wild west photoArticulate a vision for what the future of Western civilization should be that is not a monochromatic theocracy led by a Donald Trump or Steve King. Don’t feign ignorance. Don’t give up on the idea of Western civilization that can include people like me. We need you.

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Vikram Bath is the pseudonym of a former business school professor living in the United States with his wife, daughter, and dog. (Dog pictured.) His current interests include amateur philosophy of science, business, and economics. Tweet at him at @vikrambath1. ...more →

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90 thoughts on “What Does Western Civilization Mean?

  1. I like this definition of Western civilization: to have had your passport stamped in Athens, Jerusalem, and Rome, but not in Mecca.


    • That makes no sense. Islam is an essential part of “Western Civilization” – having basically created modern science and preserving and expanding upon Greek Philosophy in the early Middle Ages.Good lord, just look at MATH.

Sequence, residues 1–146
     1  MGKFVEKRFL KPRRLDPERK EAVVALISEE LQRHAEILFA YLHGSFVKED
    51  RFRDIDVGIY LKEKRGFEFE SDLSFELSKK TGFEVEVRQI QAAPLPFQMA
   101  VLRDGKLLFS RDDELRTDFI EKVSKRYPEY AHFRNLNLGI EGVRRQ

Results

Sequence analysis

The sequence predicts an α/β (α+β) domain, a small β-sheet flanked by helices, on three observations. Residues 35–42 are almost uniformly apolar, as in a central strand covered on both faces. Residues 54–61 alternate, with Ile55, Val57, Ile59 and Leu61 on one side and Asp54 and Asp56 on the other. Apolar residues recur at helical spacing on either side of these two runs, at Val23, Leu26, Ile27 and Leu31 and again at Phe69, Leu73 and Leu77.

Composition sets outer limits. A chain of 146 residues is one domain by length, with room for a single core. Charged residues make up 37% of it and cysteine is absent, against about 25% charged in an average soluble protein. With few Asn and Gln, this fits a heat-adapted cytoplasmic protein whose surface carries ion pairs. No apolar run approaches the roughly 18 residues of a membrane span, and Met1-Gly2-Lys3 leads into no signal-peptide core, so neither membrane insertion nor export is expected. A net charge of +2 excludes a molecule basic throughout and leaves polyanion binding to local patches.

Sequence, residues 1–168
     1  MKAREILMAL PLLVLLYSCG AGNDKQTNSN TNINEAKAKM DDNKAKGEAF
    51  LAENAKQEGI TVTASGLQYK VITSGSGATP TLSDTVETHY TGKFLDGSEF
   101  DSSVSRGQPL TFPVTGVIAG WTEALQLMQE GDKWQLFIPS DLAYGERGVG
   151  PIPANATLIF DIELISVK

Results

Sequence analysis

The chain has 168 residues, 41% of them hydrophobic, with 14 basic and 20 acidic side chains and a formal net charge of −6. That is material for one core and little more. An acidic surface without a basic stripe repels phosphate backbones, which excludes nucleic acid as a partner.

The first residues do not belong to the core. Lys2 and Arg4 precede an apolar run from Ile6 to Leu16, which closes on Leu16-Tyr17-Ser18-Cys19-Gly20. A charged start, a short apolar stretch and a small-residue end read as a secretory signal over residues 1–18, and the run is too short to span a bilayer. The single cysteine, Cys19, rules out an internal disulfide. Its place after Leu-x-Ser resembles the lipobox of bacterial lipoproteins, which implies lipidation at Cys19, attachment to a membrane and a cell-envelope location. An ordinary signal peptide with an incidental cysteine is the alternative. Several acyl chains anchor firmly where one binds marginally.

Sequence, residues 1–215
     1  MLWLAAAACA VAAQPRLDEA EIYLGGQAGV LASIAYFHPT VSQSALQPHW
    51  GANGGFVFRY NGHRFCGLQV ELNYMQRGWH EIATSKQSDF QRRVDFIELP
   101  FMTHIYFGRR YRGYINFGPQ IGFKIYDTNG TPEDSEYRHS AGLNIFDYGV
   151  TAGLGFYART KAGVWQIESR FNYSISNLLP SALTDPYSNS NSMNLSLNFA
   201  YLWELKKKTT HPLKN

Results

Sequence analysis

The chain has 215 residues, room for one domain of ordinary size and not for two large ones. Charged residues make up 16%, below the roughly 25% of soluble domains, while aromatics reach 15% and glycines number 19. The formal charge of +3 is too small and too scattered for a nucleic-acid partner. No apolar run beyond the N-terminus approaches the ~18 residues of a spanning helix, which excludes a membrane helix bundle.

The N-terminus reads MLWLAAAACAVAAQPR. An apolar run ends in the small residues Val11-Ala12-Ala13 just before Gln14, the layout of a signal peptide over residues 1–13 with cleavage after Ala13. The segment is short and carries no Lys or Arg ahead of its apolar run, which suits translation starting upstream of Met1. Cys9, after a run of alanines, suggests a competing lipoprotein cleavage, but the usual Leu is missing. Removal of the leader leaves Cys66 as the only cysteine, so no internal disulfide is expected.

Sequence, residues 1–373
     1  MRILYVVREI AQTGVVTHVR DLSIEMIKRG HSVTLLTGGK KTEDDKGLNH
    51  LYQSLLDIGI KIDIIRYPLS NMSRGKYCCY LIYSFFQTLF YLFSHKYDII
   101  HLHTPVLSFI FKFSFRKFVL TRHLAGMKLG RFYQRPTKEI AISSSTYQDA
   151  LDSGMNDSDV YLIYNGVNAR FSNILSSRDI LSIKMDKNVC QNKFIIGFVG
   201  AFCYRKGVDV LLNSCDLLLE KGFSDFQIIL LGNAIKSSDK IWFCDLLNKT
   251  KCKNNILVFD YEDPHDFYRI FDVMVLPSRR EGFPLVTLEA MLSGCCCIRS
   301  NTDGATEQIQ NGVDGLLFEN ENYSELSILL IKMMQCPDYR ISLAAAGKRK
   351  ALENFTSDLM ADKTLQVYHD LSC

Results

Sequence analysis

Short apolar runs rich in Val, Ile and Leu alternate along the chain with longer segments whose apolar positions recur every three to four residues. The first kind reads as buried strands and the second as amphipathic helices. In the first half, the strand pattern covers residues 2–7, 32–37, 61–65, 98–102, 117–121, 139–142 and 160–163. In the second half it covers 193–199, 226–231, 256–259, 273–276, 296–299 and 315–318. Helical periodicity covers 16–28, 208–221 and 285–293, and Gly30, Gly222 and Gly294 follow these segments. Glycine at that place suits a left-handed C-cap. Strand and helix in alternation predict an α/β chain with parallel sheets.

• Islam rejected Western civilization, even if some ideas refined by Muslims (and later rejected by them) got taken up by it. There were some very innovative thinkers in early Islam, such as ibn Kuldun or al-Khwarizmi, who invented al-jabr. But many of the thinkers in Islam’s golden age were not the product of Islamic culture, they were part of cultures recently conquered by Islam and were taking pre-existing ideas (Persian, etc) and spreading them via the newly imposed common language, or were reacting to ideas that spread because of newly imposed common language.